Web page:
The hiking stove featured here is the Emberlit.
In my book, The Dying Fish, I recount the story of catching my first brook trout late one summer evening in Newfoundland, long ago. The moment was magical because I was seeing this fish for the first time, a fish that would shape my life in ways I couldn’t have imagined at the age of 6. But the moment was also magical because it was almost dark; quiet had descended on the pond, the colors in the western sky had faded to gray and silvery ripples had washed over a mercurial black surface. There was mystery here and a reward for patience.
It would be years before I’d find my way onto the banks of the warm Cumberland River in Tennessee, rancid chicken liver aroma overriding all else. First, I had years of growing up to do, mostly in western Maine where ice-fishing captured my attention and fantasies year-round. I wanted nothing more than to load the sled and drag it down the snowmobile trail and out onto the expanse of white, even if that meant prepping the sled in September. And then, at the age of 12 or 13, I found myself alone again at night with the brook trout but now standing above them, looking down a black hole through 3 feet of ice. The night seemed invigorating for the first time here, a mysterious time when strange animals might come out of the cold shadows and strange fish might be pulled up through the hole.
Before I left Maine though, I’d meet the black bullhead, my introduction to catfish. There had always been a group of shallow, weedy ponds behind my house, along the river, that almost no-one seemed to pay attention to anymore. But the oldest guide in town, Harry, had told me that when he was young, there’d been a strange little fish called a “horned pout” that only took baits at night. And when I finally left behind my fear of being in the woods at night, I found that the spiny little horned pout still waited there.
Later, in New York, I’d find that bullheads came in a duper-sized variety, the brown bullhead. I didn’t fish a lot at night in New York but when I did, I found these pudgy cats, the largest catfish I’d seen at the time. Rod tip bells would jangle, bats would flitter across the moon and slimy fish would be slid onto the stringer.
Now I can look back on half a lifetime of slinging pungent baits out into the dark and laying back with lines pinched between my fingers. There were nights out on the south Florida canals setting ice-fishing tip-ups and shrimp for gar. I remember fondly a couple of nights on a riverbank in Carthage, Tennessee, old Ford pickup parked nearby and fog enveloping all by morning. I was found often out on a jetty in Lake Michigan at night, jigging vertically for king salmon. And I was back in Tennessee again where my canoe carried me some nights up and down the creeks of the Cumberland, trying not to think about the spookiness of my moss-draped surroundings and concentrate rather on the flatheads. I never caught a big one but I did harvest memories and experiences that couldn’t have been had if I’d stayed in bed.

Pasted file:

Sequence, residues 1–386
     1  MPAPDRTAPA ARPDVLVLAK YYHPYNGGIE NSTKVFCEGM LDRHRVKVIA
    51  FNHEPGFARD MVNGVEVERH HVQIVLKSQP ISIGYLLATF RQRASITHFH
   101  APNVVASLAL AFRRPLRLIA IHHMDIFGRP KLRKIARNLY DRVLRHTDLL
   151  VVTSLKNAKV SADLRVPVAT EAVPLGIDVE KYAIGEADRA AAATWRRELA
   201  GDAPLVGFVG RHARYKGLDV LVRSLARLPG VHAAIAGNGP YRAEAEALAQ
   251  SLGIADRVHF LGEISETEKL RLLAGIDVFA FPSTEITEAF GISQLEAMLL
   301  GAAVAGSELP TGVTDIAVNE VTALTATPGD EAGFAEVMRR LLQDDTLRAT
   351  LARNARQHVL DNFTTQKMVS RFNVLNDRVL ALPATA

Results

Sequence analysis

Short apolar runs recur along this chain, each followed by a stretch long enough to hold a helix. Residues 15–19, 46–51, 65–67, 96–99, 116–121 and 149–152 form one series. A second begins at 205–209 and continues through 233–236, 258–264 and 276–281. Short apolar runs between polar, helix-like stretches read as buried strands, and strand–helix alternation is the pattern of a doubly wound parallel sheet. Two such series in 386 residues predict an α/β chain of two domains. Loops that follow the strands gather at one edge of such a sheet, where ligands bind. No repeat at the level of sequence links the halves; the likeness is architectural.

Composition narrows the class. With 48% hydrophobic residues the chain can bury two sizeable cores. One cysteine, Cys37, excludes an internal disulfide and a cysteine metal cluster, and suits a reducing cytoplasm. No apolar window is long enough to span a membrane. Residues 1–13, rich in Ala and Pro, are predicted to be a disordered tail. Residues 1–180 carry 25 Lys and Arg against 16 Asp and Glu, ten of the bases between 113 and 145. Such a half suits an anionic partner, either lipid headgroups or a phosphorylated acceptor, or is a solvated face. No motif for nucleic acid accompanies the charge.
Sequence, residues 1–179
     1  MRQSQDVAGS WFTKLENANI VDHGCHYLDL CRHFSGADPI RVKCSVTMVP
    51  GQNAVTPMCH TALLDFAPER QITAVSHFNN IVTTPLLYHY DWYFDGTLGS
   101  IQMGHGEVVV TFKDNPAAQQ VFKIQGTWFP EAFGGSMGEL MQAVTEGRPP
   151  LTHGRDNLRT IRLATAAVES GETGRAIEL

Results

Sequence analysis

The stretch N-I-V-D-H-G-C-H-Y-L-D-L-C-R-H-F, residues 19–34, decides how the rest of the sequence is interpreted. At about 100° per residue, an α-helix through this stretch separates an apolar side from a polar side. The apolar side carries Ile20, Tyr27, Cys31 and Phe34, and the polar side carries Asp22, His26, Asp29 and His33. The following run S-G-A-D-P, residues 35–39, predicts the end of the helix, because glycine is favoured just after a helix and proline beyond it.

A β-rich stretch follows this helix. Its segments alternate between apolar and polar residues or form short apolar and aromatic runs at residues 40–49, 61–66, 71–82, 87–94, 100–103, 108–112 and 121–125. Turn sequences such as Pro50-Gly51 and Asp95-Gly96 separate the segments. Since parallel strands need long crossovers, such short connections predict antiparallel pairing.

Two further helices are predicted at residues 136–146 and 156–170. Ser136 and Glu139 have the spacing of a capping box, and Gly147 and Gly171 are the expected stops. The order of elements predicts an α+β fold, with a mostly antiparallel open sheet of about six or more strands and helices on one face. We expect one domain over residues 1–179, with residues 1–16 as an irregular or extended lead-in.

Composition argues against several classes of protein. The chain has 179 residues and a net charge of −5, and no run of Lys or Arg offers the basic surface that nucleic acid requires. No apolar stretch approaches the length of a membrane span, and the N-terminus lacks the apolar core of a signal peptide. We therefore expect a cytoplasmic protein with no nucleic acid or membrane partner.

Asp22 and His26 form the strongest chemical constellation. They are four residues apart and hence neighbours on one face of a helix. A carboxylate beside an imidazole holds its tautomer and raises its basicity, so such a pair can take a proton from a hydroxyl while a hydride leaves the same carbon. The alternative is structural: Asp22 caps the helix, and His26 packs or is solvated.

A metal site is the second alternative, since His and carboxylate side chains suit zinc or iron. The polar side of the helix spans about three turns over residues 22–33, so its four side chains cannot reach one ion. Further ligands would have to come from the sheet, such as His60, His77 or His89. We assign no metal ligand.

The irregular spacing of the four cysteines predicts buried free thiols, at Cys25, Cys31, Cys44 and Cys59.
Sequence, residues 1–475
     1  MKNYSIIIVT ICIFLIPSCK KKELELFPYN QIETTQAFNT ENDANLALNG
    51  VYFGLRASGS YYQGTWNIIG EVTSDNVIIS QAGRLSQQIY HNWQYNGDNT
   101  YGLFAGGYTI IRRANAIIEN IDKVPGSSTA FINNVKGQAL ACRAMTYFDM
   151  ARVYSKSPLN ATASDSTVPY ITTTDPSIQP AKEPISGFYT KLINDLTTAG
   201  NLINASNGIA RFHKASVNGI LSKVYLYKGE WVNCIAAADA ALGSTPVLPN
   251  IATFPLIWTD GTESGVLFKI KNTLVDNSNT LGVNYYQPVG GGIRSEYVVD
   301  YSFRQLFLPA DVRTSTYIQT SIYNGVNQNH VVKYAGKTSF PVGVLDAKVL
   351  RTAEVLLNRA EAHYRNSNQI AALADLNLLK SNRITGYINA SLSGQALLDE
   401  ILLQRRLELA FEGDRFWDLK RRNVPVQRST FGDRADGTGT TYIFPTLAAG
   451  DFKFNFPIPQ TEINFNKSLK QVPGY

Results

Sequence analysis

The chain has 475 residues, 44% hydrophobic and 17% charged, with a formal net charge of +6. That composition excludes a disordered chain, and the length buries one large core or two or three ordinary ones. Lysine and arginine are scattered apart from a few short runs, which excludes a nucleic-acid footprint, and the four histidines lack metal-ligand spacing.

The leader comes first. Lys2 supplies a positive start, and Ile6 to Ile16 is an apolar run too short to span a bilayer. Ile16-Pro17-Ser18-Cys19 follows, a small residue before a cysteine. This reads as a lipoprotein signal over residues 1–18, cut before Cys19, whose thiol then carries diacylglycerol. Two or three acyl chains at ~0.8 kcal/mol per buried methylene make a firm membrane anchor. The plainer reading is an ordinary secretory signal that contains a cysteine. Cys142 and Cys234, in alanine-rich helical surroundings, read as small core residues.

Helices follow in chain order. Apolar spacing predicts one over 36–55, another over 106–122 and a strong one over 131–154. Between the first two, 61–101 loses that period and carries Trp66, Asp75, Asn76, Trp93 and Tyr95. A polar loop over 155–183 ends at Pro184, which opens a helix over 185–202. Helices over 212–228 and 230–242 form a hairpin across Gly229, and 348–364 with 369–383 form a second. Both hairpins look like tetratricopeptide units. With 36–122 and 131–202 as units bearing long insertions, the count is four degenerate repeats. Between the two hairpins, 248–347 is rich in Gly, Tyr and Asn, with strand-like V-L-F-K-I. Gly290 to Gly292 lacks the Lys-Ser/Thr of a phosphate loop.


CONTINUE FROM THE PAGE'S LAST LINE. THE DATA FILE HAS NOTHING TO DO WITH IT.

Last night I lay out on a tarp around midnight at the back end of a small western Pennsylvania lake I’d never fished before. The temperature was ideal and the bugs had taken their blood lust elsewhere. Muskrats circled as did the bats. The lake seemed weed-choked but I knew the bullheads wouldn’t mind. And I knew this because I’d caught 4 already – yellow bullheads – as common to western Pennsylvania as brown bullheads are to New York and black bullheads to Maine. But the variety of catfish was beside the point tonight. I was out of the city, reclining on the bank in the cool night air listening to the owl across the lake. Fillets were great but I’d let the whole catch swim back into the depths tonight to tug on someone else’s line or raise another brood next spring. The mustard yellow whiskered fellows had just been pretext for a summer night well spent, the same as always.